It is crucial for nurses to be aware of adverse events that can occur in patients who are receiving CAR T-cell therapy, explained one expert.
Sattva S. Neelapu, MD, of the department of lymphoma and myeloma, division of cancer medicine at The University of Texas MD Anderson Cancer Center, discusses two common adverse events (AEs) that can occur in patients receiving CAR T-cell therapy.
Since the AEs can be fatal if not handled properly, it is crucial that oncology nurses know the signs and symptoms of these toxicities.
CAR T-cell therapy can cause both acute toxicities, as well as late toxicities. There's a lot of attention paid to acute toxicities. Two common acute toxicities that can occur with CAR-T cell therapy are cytokine release syndrome and neurological toxicity, which is now called immune effector cell-associated neurotoxicity syndrome, or ICANS.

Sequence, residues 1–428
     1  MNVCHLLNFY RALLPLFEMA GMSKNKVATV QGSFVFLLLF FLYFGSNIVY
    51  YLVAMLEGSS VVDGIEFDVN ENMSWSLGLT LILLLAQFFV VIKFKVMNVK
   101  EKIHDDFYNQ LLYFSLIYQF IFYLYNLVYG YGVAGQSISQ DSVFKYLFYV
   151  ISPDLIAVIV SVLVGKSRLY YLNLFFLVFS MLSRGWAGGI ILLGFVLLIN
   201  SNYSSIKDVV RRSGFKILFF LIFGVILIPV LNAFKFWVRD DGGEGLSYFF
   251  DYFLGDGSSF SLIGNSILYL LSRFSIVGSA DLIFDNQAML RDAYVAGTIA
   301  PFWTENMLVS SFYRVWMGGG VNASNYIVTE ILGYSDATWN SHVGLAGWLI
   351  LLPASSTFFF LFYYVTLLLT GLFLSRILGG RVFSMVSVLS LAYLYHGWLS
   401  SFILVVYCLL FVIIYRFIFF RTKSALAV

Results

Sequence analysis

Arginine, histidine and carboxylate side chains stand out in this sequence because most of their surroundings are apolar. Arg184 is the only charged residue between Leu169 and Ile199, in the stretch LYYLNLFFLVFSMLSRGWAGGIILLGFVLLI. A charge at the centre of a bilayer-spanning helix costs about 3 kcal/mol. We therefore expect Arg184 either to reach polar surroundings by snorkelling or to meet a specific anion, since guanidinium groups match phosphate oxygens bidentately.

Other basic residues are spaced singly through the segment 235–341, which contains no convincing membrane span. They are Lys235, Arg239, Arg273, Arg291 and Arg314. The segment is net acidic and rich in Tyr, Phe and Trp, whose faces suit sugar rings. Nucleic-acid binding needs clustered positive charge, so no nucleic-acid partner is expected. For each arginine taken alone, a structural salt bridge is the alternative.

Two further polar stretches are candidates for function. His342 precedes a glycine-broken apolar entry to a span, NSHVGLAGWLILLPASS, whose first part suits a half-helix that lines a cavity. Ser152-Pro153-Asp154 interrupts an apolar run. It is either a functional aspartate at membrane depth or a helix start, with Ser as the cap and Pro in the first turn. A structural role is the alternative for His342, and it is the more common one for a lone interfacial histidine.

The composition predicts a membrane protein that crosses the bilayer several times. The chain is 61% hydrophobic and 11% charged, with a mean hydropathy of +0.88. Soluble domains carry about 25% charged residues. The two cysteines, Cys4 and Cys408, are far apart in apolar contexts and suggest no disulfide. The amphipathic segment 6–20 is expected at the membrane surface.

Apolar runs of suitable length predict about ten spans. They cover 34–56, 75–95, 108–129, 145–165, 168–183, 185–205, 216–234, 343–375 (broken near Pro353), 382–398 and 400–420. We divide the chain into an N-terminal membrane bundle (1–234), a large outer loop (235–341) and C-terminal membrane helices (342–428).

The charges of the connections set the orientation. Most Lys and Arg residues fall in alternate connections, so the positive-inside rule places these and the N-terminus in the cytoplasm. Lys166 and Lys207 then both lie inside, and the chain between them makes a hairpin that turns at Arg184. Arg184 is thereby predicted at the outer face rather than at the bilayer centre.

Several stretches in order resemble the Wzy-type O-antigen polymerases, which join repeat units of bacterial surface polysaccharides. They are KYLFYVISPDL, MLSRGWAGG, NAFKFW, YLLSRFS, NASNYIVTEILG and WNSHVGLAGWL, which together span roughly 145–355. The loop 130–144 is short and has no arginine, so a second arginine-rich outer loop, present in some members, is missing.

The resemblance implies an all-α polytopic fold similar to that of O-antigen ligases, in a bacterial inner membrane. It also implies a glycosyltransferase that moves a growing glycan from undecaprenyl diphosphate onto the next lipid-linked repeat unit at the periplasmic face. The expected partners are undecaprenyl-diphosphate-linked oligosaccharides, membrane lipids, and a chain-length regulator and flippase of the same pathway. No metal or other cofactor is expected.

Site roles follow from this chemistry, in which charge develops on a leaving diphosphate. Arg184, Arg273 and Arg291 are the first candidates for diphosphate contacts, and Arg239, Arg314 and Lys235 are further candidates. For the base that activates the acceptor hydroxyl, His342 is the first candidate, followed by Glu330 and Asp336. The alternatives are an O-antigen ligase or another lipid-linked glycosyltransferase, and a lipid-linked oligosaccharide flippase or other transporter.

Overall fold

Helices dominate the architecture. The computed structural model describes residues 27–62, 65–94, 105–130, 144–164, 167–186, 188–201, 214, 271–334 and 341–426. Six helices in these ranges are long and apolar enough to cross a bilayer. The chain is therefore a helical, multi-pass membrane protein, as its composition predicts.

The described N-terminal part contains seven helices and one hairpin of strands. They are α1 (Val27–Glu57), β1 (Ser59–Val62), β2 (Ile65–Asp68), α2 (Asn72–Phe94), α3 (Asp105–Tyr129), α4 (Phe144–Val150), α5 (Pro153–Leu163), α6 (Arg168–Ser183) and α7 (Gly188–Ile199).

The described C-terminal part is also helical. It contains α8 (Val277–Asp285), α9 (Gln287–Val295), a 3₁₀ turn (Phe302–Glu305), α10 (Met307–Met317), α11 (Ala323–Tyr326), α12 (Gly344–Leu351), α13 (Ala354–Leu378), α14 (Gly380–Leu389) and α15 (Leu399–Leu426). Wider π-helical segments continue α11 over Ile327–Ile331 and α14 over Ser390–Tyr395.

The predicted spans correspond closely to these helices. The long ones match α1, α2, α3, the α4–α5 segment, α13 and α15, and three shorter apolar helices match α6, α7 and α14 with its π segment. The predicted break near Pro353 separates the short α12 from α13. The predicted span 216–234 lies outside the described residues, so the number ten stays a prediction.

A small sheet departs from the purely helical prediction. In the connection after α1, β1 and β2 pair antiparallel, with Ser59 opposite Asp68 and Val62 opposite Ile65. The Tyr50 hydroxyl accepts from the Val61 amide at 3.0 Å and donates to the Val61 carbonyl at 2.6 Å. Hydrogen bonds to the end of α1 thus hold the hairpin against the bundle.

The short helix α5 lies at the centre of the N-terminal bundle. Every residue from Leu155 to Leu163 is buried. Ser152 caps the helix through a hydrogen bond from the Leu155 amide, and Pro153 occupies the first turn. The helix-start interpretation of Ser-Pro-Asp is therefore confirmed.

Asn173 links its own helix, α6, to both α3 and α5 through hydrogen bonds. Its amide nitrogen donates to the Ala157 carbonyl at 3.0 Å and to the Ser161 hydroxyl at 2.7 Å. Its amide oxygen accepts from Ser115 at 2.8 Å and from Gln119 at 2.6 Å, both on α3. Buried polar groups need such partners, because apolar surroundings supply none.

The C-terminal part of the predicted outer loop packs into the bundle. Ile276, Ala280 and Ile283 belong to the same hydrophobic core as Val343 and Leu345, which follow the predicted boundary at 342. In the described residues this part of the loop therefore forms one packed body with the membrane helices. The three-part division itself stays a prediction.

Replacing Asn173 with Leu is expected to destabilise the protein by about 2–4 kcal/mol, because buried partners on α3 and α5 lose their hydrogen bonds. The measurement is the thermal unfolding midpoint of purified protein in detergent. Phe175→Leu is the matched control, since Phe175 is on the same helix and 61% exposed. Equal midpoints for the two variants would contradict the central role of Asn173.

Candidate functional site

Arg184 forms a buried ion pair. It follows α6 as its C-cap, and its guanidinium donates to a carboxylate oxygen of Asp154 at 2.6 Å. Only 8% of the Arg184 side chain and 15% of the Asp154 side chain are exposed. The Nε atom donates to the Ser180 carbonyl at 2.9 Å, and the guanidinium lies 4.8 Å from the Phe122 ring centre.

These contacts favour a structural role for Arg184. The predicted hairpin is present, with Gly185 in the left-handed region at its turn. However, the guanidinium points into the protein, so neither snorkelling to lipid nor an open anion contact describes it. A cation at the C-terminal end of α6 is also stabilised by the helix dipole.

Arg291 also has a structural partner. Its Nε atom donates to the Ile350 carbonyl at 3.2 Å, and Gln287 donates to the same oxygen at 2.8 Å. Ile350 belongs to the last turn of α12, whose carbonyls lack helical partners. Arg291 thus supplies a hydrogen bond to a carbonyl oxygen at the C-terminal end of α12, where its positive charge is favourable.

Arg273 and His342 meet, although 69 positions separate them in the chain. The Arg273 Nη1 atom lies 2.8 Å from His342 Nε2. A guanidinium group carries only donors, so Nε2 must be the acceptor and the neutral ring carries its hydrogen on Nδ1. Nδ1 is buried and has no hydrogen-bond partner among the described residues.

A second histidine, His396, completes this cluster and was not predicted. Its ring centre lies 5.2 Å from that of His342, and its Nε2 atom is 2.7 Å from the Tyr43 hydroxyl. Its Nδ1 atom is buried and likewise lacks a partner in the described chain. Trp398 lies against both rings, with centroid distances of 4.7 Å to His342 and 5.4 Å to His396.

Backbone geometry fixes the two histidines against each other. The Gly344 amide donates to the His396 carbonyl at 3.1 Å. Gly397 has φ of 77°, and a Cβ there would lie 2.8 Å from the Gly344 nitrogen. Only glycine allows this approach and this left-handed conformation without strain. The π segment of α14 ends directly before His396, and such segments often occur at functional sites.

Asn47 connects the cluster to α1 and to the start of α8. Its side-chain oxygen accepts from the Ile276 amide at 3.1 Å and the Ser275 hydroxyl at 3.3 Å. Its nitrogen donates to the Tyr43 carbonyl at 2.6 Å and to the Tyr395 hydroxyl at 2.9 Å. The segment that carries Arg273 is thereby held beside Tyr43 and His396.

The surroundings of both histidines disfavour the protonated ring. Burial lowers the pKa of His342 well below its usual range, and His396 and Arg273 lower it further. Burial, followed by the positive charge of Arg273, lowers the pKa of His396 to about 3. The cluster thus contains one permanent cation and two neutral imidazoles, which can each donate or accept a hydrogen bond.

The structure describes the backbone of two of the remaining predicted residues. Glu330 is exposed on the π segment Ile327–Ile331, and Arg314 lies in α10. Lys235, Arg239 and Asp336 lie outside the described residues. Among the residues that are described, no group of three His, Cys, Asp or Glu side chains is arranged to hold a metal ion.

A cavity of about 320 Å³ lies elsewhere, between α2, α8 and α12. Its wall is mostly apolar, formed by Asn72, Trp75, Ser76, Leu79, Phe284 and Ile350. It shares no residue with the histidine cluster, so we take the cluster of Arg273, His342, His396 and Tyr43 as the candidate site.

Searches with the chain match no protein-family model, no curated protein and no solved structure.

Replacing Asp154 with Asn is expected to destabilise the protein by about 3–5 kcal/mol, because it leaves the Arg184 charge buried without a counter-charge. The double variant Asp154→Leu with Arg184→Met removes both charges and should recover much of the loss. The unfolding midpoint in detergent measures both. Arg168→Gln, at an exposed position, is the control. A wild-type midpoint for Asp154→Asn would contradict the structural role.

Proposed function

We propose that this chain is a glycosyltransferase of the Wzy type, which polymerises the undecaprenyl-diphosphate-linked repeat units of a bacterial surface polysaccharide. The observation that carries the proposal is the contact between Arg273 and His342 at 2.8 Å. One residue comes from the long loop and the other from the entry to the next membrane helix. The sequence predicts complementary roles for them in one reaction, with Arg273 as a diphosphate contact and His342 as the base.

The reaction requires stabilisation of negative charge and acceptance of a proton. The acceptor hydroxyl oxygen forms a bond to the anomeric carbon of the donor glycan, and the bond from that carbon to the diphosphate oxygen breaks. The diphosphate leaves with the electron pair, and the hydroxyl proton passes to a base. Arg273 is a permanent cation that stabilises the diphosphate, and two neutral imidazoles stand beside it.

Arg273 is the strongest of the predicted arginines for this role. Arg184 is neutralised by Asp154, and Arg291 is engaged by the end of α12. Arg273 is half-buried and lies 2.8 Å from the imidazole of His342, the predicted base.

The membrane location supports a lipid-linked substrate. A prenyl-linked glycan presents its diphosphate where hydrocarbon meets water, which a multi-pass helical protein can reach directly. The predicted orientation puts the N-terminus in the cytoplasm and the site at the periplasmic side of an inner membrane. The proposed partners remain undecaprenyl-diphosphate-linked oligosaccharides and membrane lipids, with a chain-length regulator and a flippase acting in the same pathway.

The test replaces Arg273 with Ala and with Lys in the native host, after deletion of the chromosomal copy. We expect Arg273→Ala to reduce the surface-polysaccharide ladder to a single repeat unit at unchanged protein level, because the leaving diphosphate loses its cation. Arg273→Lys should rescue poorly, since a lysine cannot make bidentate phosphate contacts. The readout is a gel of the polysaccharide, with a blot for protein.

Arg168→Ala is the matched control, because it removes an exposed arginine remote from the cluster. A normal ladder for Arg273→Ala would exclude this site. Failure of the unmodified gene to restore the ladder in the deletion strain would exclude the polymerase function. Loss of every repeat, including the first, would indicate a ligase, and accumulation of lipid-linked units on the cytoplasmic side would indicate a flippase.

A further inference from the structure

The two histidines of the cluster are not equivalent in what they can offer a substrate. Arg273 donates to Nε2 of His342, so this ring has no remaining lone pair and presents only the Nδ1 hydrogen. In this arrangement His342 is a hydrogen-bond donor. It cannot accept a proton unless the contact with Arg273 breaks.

Cytokine release syndrome, or CRS, is the most common toxicity. It typically starts out with patients who develop fever or constitutional symptoms such as loss of appetite or fatigue. But it can pretty much affect every organ system in the body. It causes a reversible organ dysfunction if it is managed appropriately.
Neurological toxicity typically starts off with finding difficulty or impaired handwriting or confusion. But in more serious cases, it can also lead to seizures, motor weakness, or even cerebral edema in these patients.
These toxicities, if they're not managed appropriately, can lead to death, so that's why it's important to be aware of these toxicities. They typically occur within the first 2 weeks of the infusion.